Drive failure happens. Here's why.

So how do all these cluttered drives end up in our shop? Drive failure is inevitable, and its causes are many. A few are extreme. We have recovered data from computers that have been dropped, run over, burned, drowned and shot. But those "disk-asters", as we call them, are the exception. The everyday causes of drive failure are more mundane, breakdowns in the inner workings of the drives themselves, brought on by the very complexity that makes them so powerful.

Many drives come out of the factory with some kind of defect that will eventually surface. The average service life of a drive these days is 3-5 years. Drive manufacturers claim the failure rate is about 1% of all drives in use per year, but some independent estimates put it as high as 4% and even up to 13%.

Just as it can't be avoided, neither can it be predicted. There have been various efforts at "smart" failure prediction, but a majority of drive failures happen immediately, like bad accidents, without warning. When the drive heads suddenly decide they're going to crash into a spinning platter, no one can see it coming.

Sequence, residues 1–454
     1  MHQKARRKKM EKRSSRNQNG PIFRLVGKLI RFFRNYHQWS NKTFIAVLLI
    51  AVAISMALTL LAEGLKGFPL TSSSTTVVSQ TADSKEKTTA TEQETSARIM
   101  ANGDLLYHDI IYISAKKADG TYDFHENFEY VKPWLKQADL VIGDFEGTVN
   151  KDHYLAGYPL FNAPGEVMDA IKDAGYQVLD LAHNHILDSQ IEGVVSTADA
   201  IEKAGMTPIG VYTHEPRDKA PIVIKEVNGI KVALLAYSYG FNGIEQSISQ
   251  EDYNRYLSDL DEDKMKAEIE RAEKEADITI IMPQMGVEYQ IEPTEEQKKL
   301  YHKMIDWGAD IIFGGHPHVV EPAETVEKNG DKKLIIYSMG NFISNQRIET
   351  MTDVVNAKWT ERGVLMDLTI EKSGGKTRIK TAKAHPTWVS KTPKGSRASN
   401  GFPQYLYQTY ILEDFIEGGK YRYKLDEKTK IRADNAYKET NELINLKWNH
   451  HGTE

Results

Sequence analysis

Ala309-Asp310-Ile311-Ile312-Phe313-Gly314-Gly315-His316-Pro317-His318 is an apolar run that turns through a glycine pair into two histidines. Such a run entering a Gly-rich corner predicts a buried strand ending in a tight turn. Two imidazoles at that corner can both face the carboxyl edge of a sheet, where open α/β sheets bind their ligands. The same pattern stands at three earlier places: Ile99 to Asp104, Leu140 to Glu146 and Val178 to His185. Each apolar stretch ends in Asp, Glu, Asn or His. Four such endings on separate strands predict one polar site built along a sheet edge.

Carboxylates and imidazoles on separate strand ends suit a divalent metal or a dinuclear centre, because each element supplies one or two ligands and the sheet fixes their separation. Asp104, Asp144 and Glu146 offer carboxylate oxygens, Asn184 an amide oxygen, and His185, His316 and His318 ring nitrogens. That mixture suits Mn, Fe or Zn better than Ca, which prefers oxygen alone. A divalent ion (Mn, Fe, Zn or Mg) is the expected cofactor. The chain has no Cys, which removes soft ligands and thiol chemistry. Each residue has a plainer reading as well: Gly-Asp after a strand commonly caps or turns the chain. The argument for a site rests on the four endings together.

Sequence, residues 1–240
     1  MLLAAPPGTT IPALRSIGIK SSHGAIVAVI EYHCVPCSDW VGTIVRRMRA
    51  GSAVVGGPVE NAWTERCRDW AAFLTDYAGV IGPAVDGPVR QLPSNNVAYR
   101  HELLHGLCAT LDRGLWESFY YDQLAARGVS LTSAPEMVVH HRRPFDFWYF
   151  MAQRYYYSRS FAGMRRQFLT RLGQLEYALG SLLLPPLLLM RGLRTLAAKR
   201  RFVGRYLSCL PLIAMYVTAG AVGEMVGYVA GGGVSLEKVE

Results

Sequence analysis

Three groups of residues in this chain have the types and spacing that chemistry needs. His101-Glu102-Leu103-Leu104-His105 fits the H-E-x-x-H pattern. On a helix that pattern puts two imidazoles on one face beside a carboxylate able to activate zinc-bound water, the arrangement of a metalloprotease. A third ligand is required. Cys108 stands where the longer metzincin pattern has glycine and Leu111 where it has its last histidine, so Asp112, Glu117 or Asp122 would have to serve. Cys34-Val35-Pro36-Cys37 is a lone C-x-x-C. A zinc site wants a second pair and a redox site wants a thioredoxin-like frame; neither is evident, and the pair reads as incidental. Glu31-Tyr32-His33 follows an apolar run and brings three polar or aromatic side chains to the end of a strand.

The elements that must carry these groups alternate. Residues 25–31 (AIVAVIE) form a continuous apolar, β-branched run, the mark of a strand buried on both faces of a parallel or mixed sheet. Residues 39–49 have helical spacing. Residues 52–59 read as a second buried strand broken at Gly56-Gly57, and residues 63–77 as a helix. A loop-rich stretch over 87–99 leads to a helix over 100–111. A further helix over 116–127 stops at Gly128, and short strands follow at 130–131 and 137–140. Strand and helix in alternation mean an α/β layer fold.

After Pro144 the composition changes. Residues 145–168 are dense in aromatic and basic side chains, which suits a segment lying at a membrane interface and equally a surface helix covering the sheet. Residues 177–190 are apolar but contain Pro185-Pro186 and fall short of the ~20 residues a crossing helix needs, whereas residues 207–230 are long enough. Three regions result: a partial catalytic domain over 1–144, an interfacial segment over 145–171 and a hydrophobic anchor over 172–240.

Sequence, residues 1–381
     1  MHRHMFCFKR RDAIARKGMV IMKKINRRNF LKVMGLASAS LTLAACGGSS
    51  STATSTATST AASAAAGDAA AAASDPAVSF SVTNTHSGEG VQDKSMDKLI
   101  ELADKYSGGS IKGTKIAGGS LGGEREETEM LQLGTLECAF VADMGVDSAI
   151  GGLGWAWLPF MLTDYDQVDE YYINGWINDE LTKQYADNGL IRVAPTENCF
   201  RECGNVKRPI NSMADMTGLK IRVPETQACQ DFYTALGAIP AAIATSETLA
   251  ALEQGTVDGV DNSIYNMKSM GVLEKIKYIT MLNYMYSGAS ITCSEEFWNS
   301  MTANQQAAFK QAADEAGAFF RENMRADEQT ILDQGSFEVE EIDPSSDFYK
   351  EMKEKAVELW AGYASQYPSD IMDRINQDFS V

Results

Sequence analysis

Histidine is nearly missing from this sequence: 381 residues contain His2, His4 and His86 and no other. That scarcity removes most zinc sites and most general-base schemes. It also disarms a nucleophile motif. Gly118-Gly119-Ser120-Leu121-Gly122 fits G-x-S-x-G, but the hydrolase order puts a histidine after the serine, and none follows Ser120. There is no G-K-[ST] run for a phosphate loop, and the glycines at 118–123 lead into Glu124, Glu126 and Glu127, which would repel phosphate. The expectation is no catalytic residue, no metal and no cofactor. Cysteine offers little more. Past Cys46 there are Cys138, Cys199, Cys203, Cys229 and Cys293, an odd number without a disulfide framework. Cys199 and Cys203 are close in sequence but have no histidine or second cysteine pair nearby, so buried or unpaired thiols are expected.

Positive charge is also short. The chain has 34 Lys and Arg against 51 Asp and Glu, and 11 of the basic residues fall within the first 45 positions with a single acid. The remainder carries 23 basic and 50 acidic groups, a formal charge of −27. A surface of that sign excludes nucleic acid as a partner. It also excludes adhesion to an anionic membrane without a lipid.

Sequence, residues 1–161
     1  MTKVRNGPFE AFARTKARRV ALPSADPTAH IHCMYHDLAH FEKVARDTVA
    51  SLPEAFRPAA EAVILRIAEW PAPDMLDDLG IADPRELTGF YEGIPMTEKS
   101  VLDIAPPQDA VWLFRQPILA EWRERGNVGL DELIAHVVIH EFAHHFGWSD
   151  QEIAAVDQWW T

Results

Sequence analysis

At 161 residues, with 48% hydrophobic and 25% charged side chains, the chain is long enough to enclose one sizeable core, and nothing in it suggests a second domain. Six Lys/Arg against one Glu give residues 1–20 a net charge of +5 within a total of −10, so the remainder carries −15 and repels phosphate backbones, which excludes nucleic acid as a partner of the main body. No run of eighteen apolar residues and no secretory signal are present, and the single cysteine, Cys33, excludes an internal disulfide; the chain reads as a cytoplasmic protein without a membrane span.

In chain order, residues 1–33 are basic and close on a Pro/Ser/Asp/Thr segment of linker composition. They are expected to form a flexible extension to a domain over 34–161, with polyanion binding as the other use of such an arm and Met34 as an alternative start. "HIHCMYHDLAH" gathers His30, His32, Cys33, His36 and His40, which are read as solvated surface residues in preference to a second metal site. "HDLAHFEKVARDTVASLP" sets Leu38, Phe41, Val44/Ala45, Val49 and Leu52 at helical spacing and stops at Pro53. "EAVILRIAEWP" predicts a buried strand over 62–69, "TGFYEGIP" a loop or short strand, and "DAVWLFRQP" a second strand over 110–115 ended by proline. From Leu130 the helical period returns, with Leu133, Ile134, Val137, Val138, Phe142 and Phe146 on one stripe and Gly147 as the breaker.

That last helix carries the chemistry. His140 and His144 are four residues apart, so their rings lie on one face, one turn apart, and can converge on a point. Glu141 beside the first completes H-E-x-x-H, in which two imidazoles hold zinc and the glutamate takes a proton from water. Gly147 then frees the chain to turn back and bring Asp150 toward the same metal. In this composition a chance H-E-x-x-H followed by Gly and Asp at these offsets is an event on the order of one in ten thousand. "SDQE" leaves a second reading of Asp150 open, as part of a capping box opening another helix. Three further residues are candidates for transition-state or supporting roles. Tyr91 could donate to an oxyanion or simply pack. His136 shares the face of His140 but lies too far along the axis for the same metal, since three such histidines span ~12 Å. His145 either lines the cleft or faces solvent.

Simple electrical failure caused by a few inherently bad sectors used to be the primary cause of failure. Nowadays, we see less electrical failure and more physical media damage resulting from the tight packing of ever-shrinking, fast-moving mechanical parts, especially the head-to-platter surface interface.

Power surges are a common cause, too. They're especially bad for the users who are conscientious about backing up, because their back-up drives are usually plugged into the same power source as their main ones.